Although Kindergarten was going well for Liam, after school was not. Liam went to the same facility for after care that he attended when he was four and five – the one that helped him grow and gain confidence, with the teacher who really saw his light.
Sadly, the teacher in charge of after care got a tired Liam after a full day of Kindergarten, with many other kids after school. The program was not as structured, was more crowded, and just not right for Liam. We started to hear daily from the after care teacher about Liam’s behaviors and lack of flexibility.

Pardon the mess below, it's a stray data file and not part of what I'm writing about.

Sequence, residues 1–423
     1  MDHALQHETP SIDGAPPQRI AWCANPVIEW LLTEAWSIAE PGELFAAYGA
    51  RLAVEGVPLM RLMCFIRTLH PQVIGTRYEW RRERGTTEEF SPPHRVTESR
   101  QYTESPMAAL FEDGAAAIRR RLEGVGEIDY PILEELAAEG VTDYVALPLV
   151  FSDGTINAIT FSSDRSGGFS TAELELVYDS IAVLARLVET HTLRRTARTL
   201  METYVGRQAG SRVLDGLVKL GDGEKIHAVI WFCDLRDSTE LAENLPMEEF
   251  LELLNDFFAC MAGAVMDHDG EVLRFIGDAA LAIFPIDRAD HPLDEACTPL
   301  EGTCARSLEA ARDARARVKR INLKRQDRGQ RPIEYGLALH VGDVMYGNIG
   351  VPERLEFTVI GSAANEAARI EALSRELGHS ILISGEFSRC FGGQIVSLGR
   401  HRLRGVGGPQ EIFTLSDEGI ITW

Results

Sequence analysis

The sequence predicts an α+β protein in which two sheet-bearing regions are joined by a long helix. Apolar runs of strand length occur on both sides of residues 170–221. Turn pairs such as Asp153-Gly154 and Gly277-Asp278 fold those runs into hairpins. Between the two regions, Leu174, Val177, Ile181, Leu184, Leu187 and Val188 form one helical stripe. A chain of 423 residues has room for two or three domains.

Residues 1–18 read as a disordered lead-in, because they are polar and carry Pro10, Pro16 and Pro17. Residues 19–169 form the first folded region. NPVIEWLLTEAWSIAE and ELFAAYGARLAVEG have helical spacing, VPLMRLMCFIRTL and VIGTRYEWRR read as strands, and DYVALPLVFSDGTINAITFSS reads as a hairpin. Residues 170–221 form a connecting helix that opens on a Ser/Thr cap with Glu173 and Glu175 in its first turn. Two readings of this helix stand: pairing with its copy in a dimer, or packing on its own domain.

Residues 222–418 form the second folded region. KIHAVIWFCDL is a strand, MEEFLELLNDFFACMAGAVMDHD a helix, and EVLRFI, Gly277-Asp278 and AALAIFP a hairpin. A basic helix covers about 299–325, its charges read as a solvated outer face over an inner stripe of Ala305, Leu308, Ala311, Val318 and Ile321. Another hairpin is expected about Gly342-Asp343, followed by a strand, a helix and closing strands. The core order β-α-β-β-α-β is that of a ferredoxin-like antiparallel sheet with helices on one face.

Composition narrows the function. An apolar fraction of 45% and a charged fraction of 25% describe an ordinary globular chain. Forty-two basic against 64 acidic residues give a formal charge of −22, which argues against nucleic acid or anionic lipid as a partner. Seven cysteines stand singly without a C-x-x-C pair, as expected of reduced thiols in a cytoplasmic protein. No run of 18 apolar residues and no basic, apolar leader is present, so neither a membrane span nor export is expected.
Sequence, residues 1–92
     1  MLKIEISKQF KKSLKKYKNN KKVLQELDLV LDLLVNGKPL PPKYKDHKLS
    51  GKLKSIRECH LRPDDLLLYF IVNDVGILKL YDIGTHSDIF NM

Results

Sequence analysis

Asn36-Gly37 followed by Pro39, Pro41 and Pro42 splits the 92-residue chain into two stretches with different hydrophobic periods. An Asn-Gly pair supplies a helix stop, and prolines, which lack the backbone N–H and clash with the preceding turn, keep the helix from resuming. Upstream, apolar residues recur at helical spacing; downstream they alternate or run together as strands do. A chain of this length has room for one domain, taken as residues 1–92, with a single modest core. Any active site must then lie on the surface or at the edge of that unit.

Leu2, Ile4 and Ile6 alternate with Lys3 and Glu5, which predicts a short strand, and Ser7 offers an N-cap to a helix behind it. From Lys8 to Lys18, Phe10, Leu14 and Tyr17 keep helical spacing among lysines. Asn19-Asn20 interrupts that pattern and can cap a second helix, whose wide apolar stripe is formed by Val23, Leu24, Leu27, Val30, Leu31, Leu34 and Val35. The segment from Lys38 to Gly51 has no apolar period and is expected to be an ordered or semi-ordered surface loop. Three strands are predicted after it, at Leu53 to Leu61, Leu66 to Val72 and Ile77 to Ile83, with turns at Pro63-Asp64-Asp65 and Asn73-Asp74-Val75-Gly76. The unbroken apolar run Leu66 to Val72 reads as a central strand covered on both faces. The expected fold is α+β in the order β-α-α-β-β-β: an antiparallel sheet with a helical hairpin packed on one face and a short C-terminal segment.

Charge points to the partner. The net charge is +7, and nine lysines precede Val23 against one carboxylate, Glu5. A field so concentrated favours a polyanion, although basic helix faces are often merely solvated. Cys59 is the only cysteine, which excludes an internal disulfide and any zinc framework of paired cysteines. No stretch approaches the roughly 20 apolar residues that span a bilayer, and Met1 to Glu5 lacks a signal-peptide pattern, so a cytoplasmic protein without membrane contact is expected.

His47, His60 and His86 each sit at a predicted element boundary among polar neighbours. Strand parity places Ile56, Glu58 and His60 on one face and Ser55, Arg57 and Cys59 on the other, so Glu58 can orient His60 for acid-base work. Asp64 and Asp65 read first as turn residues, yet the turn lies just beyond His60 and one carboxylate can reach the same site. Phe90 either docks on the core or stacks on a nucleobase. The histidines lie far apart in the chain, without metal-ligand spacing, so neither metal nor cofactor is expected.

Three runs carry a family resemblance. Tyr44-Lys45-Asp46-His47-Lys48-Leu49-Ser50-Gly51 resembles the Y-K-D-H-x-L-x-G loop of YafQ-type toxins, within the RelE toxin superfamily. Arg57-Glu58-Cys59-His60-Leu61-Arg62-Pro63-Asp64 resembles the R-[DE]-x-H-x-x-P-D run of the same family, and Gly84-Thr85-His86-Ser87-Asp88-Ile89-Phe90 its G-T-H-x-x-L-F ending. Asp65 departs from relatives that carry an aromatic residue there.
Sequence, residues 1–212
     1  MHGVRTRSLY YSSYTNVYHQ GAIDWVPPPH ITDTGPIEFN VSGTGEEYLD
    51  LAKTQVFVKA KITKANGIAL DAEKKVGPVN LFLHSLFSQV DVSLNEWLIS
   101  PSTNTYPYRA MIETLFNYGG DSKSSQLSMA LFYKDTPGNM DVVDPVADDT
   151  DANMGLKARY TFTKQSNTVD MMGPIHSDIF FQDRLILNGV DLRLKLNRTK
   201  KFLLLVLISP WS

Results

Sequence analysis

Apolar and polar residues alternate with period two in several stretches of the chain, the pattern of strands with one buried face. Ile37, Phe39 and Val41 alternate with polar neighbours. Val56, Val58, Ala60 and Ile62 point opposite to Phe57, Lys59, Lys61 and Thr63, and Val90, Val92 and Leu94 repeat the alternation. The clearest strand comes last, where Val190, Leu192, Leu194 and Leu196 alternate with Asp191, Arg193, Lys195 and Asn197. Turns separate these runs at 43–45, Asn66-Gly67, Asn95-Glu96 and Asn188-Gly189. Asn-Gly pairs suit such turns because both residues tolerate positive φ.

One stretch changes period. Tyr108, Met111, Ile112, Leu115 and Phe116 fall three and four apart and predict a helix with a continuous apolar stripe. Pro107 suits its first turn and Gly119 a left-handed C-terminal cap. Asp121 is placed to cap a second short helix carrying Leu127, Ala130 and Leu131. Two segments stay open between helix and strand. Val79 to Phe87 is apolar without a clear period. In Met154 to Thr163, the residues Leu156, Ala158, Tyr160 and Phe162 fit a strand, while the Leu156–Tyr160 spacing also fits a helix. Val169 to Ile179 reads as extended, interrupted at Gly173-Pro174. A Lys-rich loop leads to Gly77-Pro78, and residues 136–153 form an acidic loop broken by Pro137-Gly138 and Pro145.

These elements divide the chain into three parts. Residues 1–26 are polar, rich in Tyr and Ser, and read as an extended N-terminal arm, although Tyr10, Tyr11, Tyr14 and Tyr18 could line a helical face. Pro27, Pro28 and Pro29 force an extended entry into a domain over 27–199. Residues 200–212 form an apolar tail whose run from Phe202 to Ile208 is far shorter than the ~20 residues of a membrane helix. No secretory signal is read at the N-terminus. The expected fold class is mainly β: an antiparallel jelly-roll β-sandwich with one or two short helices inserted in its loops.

Liam had developed a friendship with a local boy who’s mom had the opportunity to stay at home. They were both on the autism spectrum, so she had great patience and understanding. I’m not sure where the idea came from, but at some point, she offered to have Liam go to their house instead of the facility after school.
The boys had a lot in common – especially with video games. The situation was a win for us: Liam didn’t have to struggle through the after care program. It was a win for them because her son had someone to play with, which kept him both entertained and able to build social skills.
The family was a blessing to us in a difficult time. We continued the friendship well past this one year of school. The boy was Liam’s first best friend. We were extremely thankful for their availability and how they opened up their home to Liam in our time of need.